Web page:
The film has its Danish cinema premiere today, so this is a repeat of the review written in connection with the cph:dox festival. Go and watch the film!
“This is the director’s point of view on Jacques Vergès which may differ from the opinions of people interviewed in the film”. These words are to be found on screen at the start of this fascinating film about a man, who during his whole life as an advocate has defended and had connections to criminals like Barbie, RAF people, Carlos – and who is up to take the case of Pol Pot’s Khmer Rouge comrade Khieu Sampran.
Well, what the director’s view really is stays a bit unclear to me but what stands out is the focus on a charismatic adventurer Jacques Vergès, who sits behind his enormous desk, constantly with a wonderful cuban cigar in his hand, a man who has enjoyed a life as a star advocate with a very simple anti-american political agenda. This is declared from the very beginning with a clip of Pol Pot who quotes a book by Vergès. In this he describes Pol Pot, the mass murderer, as a smiling and gentle person. Cut from Pol Pot to Vergès who puts forward his doubts about the numbers of people killed by the regime of Pol Pot and says that what the Americans did was much worse. His words accompany the images from the killing fields in Cambodia.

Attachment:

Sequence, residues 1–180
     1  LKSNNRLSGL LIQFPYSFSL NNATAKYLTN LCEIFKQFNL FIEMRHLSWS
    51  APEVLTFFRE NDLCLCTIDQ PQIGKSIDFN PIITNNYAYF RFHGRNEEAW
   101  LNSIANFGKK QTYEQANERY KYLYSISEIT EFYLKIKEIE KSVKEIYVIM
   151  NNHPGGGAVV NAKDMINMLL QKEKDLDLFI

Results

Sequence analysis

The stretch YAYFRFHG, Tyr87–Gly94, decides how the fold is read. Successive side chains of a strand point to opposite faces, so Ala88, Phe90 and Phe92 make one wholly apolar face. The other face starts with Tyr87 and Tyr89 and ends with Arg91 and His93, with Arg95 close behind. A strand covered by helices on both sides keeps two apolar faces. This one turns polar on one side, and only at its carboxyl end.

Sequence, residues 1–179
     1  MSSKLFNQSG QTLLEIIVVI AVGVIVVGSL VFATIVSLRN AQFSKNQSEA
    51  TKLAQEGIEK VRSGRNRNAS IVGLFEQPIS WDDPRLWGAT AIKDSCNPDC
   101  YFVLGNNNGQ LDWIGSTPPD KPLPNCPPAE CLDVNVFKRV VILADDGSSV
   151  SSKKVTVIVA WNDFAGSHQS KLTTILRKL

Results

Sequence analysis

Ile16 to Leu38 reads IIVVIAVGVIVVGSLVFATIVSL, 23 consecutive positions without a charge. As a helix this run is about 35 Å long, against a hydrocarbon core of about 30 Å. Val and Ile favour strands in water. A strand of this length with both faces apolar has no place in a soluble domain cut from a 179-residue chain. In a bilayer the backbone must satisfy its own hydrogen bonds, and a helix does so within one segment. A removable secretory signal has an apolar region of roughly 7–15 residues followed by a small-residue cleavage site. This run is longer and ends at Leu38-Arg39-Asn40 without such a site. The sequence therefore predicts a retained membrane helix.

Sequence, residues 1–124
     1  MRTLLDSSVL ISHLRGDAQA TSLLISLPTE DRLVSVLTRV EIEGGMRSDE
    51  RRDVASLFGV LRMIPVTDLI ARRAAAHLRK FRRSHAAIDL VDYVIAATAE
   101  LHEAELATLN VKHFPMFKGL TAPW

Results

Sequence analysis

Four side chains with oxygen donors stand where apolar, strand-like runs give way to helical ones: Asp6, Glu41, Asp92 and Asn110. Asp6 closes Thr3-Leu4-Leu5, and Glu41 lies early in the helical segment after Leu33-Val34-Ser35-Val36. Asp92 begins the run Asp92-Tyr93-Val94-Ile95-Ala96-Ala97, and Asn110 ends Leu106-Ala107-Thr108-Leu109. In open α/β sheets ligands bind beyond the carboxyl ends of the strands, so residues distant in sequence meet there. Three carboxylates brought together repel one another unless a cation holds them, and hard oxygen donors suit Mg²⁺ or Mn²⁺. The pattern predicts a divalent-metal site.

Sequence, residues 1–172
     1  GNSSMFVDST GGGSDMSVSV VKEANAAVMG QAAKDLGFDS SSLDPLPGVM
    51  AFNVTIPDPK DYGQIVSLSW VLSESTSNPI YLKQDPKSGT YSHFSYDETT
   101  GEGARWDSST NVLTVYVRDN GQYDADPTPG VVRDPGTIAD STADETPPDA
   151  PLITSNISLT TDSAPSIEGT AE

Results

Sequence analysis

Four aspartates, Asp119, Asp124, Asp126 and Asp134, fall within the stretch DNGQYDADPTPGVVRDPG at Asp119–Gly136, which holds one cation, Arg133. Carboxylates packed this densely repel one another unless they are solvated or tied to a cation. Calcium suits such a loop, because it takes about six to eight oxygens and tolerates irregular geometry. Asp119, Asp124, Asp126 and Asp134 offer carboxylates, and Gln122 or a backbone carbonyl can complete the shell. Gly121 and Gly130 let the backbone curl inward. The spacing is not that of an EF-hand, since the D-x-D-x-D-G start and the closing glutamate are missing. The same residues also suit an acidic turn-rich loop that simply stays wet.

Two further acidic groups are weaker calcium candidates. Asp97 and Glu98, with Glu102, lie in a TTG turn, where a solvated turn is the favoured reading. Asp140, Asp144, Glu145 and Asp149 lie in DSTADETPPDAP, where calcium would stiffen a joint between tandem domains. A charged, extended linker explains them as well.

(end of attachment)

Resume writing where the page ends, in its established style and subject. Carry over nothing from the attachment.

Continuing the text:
Yes, in this sequence the point of view is clear.
Barbet Schroeder tells his story through an excellent mix of archive, interviews with a lot of people who have worked with or been friends with Vergès, and with some of the terrorists now out of prison. Like Magdalena Kopp, Rote Armee Fraktion, the lover of Carlos and Vergès?
For me, however, the most interesting part of this tour-de-force of pre-9/11 world terrorist history is the long early start of the film where French politics in Algiers is the subject. Vergès was involved in the fight for freedom for the Algerians and married the female hero of the fight, Djamila Bouhired, who is portrayed in the film “The battle of Algiers” by Pontecorvo. Clips from this film, great archive material and interviews revive the French massacres and the answers from Algerian side.
The film is more than two hours long but you feel informed, sometimes angered and admittedly entertained by this elegant mysterious character who gives you no more information than he wants to.
Barbet Schroeder: Terror’s Advocate. France, 2007